The Facts – FreshDirect does not belong in the South Bronx

FreshDirect does not belong in the South Bronx

Public officials have misrepresented the details of the proposed move of Fresh Direct. South Bronx residents in “Asthma Alley” continue to ask New York City and State to oppose FreshDirect’s taxpayer-funded relocation.

First, FreshDirect would not bring a single guarantied job to the South Bronx. Despite what elected officials have said, the $127.8 million in public funds awarded to FreshDirect carries no mandate that they add any jobs or hire a single person from the South Bronx, a fact reaffirmed by the non-binding agreement between FreshDirect and Bronx Borough President Ruben Diaz.
Additionally, FreshDirect has a well-documented history of unfair labor practices and would be exempt from city living wage requirements.

Second, FreshDirect would exacerbate asthma rates among a community already facing asthma hospitalizations at five times the national average. FreshDirect would add upwards of 2,000 diesel truck trips per day through a residential neighborhood. The same public land set to house FreshDirect already holds a FedEx hub making over 1,400 daily truck trips through the neighborhood, the New York Post printing and distribution center, and a 5000 ton per day waste transfer station, one of four waste transfer stations within a 1/8 mile radius of the proposed site.

Third, FreshDirect plans to build on land documented to be a Native American burial ground and settlement. The owner of this historically significant site, New York State Department of Transportation (DOT), acknowledges that artifacts of the Ranachqua Village and burial ground may be present.

Fourth, DOT’s twenty-one year-old agreement with a private developer is outdated and harming residents. The 1991 lease to Harlem River Yard Ventures (HRYV) was designed to “reduce congestion from truck traffic” by developing the rail system. While HRYV failed to follow through on this, surrounding areas have drastically changed: land bordering the site has been rezoned for residential use, significant residential development has taken place, and the area has been included in the New York City Comprehensive Waterfront Plan. Despite local development and city planning, however, HRYV continues to sublease to companies that block public access to the waterfront and cause egregious levels of air, water, land, and noise pollution. The City, State, Borough and Fresh Direct all ignored these facts when crafting the proposed move to the South Bronx.

Fifth, FreshDirect will not provide food to the South Bronx. FreshDirect plans to use a handout from the Bronx to move to public land in the Bronx without providing any service to the
community they want to occupy.

Finally, architects of this deal ignored the democratic process and were not upfront with the public. Governor Cuomo, Mayor Bloomberg, and Borough President Diaz announced that the deal was done two days before the sole public hearing on the matter. In doing so, they publicly demonstrated that community input was not important. Additionally, the New Jersey Economic Development Authority has refuted the notion that they made a competitive offer to support a FreshDirect move across the Hudson.

South Bronx residents deserve better.

South Bronx Unite | is a alliance of South Bronx residents, organizations, and allies. Follow us on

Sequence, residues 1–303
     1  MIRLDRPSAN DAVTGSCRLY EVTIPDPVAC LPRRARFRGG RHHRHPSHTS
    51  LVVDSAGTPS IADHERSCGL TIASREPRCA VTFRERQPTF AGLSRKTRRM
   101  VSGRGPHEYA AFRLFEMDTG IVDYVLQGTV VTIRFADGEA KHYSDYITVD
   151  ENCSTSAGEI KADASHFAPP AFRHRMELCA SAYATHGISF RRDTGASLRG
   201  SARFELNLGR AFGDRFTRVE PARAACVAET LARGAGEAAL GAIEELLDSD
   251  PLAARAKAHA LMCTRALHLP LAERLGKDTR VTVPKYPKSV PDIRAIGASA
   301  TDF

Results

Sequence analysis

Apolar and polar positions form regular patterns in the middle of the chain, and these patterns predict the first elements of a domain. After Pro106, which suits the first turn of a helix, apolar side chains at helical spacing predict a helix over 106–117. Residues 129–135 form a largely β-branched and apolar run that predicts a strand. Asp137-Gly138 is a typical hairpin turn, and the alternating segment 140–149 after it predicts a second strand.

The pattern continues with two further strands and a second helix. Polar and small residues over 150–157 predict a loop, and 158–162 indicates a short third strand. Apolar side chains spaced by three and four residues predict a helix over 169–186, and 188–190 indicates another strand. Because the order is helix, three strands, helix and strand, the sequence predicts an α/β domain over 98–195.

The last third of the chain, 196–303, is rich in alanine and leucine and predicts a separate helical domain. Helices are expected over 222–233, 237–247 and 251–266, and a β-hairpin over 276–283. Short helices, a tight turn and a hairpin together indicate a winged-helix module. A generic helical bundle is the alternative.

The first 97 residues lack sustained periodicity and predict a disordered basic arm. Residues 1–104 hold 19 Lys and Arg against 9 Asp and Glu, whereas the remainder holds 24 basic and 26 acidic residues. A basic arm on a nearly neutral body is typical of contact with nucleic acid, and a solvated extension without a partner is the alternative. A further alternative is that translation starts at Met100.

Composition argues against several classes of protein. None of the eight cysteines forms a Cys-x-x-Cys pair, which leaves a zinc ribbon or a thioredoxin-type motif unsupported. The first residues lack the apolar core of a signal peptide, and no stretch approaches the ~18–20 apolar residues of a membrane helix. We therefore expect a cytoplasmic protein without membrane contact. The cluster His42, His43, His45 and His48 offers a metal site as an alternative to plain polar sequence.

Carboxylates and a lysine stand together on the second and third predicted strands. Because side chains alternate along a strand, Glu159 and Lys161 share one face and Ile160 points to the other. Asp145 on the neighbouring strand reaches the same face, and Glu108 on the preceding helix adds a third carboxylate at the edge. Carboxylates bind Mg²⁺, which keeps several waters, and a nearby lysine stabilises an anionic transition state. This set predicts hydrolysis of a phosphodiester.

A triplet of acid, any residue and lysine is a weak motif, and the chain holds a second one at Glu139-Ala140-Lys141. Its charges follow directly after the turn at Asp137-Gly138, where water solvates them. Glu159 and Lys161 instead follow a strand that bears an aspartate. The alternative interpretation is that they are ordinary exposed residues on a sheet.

www.southbronxunite.org

FreshDirect chose the MOST EXPENSIVE option!

Unbelievable!  FreshDirect not only identified and has the ability to stay and expand in Long Island City, a move to the Bronx represents the highest cost option!

“To meet its long-term space requirements, Fresh Direct has identified three primary options:

Long lsland CityFresh Direct has identified a lot adjacent to its Borden Avenue facility which the Company could purchase and develop. The lot would accommodate a new 96,000 square foot expansion facility, which, combined with the extension of one or more of its recently leased facilities would provide the necessary capacity to accommodate the
planned growth
. While operating from multiple facilities creates inherent inefficiencies,  this option provides for the least amount of business disruption and lowest employee attrition. Further, this option requires the lowest level of capital investment, allowing the Company to deploy those resources to other areas of the business operations.

Harlem River Yards, Bronx: The Company is considering a green site in the Bronx for the construction of a new 325,000 square foot facility, plus additional mezzanine space. Under this scenario Fresh Direct would consolidate all of its Long Island City  operations into the new Bronx facility. While new construction on this site represents the
highest cost option, requiring significant upfront capital
, it achieves two of Fresh Direct’s primary occupancy objectives by delivering highly efficient operating space with limited business disruption and employee attrition.

Secaucus Road, Jersey City: Fresh Direct also is considering a new construction project in New Jersey. The Company has narrowed its search to a single site facility on Secaucus Road in Jersey, where it would construct a new facility of approximately 400,000 square feet.  As with the Bronx option, the full Long Island City operations
would be relocated and consolidated into this new facility. While this option achieves the desired operational efficiencies, it results in the highest level business disruption and employee attrition, and requires significant upfront capital investment.

Have you seen this yet?! What you may not know about FreshDirect


What You May Not Know About Fresh Direct from Olivia Smith on Vimeo.
Controversy is growing over Fresh Direct’s planned move to the Bronx. The online grocery store received almost $130 million in tax credits and cash incentives from New York state to relocate. But lost in all this is what you may not know about Fresh Direct and its impact on the environment. Olivia Smith reports.

What You May Not Know About Fresh Direct (Video)


What You May Not Know About Fresh Direct from Olivia Smith on Vimeo.
Controversy is growing over Fresh Direct’s planned move to the Bronx. The online grocery store received almost $130 million in tax credits and cash incentives from New York state to relocate. But lost in all this is what you may not know about Fresh Direct and its impact on the environment. Olivia Smith reports.